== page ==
New York: Harper
Here’s what happened. I picked up this book, and read it all the way through, without stopping. That’s the highest recommendation I can give.
This excellent set of essays on film history and aesthetics is the first non-fiction work from director Quentin Tarentino. I am a fan of his work, but not a blindly unquestioning one. So it’s not just a worshipful gushing I give when I say this is the most engaging book about film I have read in a quite a while.
First and foremost, Tarentino writes in what has been called a “conversational and amusing” style. He’s not a stuffy film scholar. Neither is he an arrogant and jaded film professional. Instead, he proves here that he’s still one of us – a regular guy who happens to love movies.
His excitement is infectious. He gives us a childhood in movies watched, takes us on a guided of tour of some of his favorite genre films, and takes a look at the waves of the New American Cinema. He doesn’t like Truffaut, but I forgive him.
It helps immensely that he is of my generation, born three years earlier than me. The films he references watching as he grew up burst immediately to bloom in the minds of any contemporaneous readers. (I spent much unsupervised time at the cinema growing up.) Hey, he hates and fears Bambi, too! And FINALLY, thanks to him I understand the difference between the Dead End Kids, the East Side Kids, the Little Tough Guys, and the Bowery Boys! Who knew?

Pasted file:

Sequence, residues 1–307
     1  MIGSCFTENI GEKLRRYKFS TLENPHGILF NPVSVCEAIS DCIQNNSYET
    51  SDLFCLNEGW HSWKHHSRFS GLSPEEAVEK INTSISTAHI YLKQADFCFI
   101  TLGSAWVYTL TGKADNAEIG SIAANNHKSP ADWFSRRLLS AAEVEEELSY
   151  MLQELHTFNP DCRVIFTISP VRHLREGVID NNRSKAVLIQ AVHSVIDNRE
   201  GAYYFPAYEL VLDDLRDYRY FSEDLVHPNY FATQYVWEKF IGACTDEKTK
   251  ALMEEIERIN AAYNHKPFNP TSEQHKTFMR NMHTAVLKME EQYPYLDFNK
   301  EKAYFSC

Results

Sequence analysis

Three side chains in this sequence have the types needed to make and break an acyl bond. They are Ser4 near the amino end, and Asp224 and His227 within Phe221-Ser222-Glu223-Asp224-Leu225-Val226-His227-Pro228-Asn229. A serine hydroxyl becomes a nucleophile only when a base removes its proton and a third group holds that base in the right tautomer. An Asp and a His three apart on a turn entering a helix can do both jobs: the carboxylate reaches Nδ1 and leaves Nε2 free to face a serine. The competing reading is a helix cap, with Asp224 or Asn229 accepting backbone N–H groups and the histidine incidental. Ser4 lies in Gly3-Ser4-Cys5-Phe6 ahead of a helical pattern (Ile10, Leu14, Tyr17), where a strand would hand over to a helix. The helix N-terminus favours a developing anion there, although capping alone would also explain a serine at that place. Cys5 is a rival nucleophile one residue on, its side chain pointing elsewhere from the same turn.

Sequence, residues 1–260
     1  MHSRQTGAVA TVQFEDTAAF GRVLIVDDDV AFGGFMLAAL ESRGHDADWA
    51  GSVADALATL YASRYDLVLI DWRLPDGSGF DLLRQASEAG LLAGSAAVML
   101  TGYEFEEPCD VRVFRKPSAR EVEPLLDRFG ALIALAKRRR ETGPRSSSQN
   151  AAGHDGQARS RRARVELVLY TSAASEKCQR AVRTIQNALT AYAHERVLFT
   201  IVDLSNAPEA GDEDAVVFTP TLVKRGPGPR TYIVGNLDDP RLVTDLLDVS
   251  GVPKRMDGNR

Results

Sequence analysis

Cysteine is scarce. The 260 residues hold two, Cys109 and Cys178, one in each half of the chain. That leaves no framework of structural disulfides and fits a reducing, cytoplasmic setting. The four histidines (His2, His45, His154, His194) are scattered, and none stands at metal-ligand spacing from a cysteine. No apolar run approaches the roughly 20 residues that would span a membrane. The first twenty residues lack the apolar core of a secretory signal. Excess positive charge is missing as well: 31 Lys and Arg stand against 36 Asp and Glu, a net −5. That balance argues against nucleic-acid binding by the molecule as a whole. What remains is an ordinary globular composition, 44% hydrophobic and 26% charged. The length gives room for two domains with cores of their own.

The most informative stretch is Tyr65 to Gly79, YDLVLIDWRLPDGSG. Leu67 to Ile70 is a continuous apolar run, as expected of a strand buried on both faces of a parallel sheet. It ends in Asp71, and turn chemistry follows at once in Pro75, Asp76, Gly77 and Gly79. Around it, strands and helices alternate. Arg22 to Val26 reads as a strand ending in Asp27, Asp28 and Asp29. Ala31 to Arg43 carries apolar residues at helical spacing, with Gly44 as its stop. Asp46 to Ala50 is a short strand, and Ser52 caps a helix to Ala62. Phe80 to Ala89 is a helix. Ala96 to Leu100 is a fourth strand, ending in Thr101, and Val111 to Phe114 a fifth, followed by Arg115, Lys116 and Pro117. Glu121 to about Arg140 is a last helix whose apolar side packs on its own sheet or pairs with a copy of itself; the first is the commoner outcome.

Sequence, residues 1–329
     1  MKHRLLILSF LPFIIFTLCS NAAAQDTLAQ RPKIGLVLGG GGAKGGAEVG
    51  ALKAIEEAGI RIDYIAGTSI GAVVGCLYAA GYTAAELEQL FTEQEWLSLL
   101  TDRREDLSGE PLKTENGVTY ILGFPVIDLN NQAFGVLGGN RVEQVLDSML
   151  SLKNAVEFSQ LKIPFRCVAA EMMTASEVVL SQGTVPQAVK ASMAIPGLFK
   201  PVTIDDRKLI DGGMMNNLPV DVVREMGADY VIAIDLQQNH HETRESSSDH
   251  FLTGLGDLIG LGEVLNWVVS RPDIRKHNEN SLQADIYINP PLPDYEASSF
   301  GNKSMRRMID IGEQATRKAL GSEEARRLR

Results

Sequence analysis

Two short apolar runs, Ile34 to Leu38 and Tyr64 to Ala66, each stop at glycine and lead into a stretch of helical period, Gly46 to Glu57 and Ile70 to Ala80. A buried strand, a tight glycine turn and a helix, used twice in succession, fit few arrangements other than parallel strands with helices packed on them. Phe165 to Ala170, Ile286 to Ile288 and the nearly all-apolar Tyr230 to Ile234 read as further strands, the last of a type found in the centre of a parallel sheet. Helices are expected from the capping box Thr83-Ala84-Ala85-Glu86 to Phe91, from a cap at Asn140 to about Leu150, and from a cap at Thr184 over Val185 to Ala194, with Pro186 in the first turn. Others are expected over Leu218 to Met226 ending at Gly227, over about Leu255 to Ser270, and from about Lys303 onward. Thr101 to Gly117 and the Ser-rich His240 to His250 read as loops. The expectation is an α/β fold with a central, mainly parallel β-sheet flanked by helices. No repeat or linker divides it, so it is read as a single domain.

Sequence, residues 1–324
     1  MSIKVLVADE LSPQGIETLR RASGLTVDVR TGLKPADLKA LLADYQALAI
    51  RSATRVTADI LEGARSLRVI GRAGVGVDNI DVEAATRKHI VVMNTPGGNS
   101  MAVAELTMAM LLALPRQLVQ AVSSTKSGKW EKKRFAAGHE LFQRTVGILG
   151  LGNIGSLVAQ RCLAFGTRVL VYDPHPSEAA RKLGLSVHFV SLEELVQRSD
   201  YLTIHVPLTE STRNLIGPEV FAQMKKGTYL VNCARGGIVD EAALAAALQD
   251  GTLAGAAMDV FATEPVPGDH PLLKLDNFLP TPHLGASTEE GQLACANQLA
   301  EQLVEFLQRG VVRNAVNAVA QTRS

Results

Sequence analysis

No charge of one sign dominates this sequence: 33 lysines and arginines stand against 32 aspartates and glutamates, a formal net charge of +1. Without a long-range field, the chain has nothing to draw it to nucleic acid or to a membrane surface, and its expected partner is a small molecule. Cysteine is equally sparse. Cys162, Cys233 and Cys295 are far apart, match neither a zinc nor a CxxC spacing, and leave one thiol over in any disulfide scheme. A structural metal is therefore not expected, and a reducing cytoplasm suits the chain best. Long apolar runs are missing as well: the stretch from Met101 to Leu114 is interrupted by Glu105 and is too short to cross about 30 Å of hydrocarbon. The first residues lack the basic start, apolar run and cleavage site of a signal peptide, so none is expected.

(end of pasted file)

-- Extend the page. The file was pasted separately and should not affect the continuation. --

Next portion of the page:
Tarentino starts by giving us a look at his childhood, one spent most impressionably in movie theaters, watching films not really for children (Dirty Harry? The Outfit? Black Gunn?). His penchant for creating dramas of vengeance undoubtedly stems from early exposure to grindhouse fare. Cinema Speculation is precisely that – an expansive and entertaining discussion of the glories of movies (that’s movies, not cinema).
Best of all, in a tribute to second-string L.A. Times film critic Kevin Thomas, Tarentino praises his optimistic, open-minded approach to writing on movies, and even cites his opinions as being influential in practical choices Tarentino made in making his own films. This affirmation of the critical role in the movie process is tremendously heartening.
Like the film writing he admires, Tarentino’s essays are straightforward, unaffected, and compelling. Whether you appreciate his insights or not, his book is a good time.
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